Sweden's entrepreneurs face an uphill struggle
The Local · 19 Feb 2007, 18:06
Published: 19 Feb 2007 18:06 GMT+01:00
Of the 25 members states of the European Union, Sweden only ranks 18th when it comes to the percentage of citizens that run businesses. Between 1995 and 2005 this figure dropped steadily in Sweden.
The current government often speaks about the importance of having a business-friendly environment. It is possible that they will improve the situation for small business owners somewhat compared to the former socialist government, but one should not necessarily be too optimistic.
An important problem is as follows: The economic models that our nation's decision makers use when looking at the economy are typically so-called neoclassical models. What distinguishes these models is that they often do not include entrepreneurship as a parameter. This is not mainly because neoclassical economists view entrepreneurship as unimportant, but since it is a difficult parameter to measure.
Still, when Anders Borg attempts to assess various possible reforms, the theories that he will most likely rely on often put little emphasis on entrepreneurs.
There is, however, plenty of research which shows the importance of entrepreneurship in economic development. For example, a new research article from Thomas Garrett and Howald Wall (both working with the Federal Reserve Bank of St. Louis) concludes that there is a strong correlation between economic policy and entrepreneurship even within the borders of the US.
By comparing the 15 least entrepreneurial states with the average of all states, the study shows that the policy environment accounts for between 37-95 percent of the difference in entrepreneurship. Private business thrives in states with low income taxes, whereas minimum wages are negative for entrepreneurship.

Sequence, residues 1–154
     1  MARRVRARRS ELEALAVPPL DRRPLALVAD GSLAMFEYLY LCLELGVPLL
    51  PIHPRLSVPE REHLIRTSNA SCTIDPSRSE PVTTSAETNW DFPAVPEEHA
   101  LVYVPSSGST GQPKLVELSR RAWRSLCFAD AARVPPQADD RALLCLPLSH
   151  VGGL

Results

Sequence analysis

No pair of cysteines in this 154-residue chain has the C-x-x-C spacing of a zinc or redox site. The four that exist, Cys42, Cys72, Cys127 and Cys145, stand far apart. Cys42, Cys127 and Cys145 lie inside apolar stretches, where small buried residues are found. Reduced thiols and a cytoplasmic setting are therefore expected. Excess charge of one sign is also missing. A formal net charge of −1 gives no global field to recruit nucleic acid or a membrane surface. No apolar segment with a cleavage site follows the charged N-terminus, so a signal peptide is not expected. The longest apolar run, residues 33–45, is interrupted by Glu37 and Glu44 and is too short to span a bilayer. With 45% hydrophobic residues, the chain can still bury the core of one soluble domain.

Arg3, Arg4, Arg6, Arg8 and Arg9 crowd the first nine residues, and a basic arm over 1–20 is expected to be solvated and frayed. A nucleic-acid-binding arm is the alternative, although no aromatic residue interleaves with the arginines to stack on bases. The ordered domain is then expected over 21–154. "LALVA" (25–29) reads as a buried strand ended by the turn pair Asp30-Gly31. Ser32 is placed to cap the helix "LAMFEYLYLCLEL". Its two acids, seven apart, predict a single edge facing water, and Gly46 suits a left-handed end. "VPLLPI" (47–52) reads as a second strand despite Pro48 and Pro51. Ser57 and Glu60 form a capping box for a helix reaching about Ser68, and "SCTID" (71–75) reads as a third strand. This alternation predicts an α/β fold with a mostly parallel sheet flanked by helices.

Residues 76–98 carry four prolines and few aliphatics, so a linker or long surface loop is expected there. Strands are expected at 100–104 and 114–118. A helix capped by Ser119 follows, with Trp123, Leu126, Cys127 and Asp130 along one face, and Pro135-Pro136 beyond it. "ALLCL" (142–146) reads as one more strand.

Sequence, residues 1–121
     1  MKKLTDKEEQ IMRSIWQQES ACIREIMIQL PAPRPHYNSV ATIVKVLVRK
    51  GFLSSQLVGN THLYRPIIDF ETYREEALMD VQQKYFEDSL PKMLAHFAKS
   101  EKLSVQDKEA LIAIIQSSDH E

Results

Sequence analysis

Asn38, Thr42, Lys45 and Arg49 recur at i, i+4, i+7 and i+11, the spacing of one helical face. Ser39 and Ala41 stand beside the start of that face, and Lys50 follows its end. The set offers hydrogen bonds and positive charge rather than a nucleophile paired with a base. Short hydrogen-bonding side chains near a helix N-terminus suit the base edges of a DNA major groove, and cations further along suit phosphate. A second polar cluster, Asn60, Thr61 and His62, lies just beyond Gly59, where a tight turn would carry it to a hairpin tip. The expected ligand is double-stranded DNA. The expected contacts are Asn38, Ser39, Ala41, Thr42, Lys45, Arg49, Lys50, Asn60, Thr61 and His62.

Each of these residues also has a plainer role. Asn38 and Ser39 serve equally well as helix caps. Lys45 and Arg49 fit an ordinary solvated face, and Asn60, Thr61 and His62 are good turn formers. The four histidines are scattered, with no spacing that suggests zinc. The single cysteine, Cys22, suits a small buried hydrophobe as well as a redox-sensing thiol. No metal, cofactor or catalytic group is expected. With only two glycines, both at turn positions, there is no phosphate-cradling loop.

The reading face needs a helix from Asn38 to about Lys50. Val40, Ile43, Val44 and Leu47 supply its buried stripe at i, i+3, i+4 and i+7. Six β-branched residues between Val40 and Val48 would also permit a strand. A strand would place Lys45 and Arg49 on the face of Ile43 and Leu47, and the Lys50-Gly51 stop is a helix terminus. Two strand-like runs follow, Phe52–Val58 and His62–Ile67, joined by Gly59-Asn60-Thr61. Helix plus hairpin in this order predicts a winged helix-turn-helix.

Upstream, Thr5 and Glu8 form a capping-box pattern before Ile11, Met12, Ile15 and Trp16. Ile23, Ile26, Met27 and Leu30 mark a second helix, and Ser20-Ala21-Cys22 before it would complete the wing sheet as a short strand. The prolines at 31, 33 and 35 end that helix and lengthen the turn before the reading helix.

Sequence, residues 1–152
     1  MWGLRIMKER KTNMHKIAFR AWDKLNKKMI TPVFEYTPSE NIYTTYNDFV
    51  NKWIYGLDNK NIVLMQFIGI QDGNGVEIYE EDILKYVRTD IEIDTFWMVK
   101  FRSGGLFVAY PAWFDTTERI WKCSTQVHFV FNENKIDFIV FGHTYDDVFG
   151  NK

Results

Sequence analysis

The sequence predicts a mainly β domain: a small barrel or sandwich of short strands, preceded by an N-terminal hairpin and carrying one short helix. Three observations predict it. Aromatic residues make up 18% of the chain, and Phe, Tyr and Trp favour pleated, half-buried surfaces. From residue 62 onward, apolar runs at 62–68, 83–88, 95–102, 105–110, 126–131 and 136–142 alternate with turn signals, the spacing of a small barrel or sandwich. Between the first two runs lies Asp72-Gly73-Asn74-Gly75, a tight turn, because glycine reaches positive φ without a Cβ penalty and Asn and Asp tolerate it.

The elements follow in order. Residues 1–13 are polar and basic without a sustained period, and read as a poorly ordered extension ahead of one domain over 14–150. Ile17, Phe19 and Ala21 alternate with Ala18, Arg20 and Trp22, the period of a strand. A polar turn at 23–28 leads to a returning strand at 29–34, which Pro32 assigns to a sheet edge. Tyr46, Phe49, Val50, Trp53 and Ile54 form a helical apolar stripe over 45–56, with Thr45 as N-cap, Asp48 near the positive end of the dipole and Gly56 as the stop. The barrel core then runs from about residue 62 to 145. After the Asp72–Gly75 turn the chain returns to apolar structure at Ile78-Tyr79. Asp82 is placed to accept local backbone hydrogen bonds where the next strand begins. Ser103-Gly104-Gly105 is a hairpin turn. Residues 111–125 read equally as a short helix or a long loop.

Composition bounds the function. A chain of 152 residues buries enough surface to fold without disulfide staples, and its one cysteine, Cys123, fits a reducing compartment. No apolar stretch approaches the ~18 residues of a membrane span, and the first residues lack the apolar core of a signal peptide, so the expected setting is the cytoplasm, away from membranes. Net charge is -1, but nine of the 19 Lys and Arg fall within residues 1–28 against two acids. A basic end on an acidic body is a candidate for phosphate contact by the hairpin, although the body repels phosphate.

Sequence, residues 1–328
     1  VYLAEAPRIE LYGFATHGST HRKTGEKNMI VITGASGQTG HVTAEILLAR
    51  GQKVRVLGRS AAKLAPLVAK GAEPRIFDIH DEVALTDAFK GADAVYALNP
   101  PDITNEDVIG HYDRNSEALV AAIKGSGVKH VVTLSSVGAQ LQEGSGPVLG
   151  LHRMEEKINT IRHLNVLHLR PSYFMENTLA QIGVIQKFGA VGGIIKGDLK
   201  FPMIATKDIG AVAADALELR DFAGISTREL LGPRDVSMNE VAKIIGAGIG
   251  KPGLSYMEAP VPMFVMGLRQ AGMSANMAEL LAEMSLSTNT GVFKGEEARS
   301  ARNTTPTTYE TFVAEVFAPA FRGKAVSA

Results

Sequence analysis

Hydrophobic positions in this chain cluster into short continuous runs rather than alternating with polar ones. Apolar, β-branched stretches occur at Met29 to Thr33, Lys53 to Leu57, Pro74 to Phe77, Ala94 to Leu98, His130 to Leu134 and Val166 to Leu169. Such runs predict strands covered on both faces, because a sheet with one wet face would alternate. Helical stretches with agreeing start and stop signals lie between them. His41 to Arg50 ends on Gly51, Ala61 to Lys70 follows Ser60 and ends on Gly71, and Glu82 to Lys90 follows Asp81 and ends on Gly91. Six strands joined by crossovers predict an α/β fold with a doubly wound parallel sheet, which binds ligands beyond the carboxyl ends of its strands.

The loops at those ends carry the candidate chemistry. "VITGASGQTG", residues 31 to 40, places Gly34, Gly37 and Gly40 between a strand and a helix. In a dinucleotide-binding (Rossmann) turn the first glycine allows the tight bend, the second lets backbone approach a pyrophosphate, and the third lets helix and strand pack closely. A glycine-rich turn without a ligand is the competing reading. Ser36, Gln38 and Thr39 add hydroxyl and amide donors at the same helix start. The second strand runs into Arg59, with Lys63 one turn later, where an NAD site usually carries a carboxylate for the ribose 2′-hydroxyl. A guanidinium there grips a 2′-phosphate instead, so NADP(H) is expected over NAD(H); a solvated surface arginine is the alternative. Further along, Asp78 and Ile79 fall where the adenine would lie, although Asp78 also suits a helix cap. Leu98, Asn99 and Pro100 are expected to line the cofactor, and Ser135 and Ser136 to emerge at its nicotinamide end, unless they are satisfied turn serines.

Old news? Well, perhaps it is a given that high taxes and regulated labour markets have a negative impact for the growth of the private sector. But then again, politicians might not always act on this information. One should remember that Sweden’s finance minister Anders Borg recently claimed that the OECD was exaggerating when they concluded that the regulated working labour market in Sweden was making it difficult to get employed.
Although the Centre party recently has become a staunch defender of small businesses, the current government shows limited interest in decreasing the regulatory burden placed on private companies and no interest in opening up the labour market. Unless reforms are introduced in both areas and unless the level of taxation is dramatically reduced, Sweden will continue to achieve far less than it’s potential when it comes to fostering the new generation of successful businessmen and women.
Readers might object that Sweden is doing well in one area – not having minimum wages. In theory, yes. But in reality, the labour unions' power to subject companies to blockades gives them the opportunity to force virtually all companies in many low-wage sectors to sign union contracts. Union contracts forced on to companies effectively have the same effects as minimum wages.
Nima Sanandaji is chief executive of think-tank Captus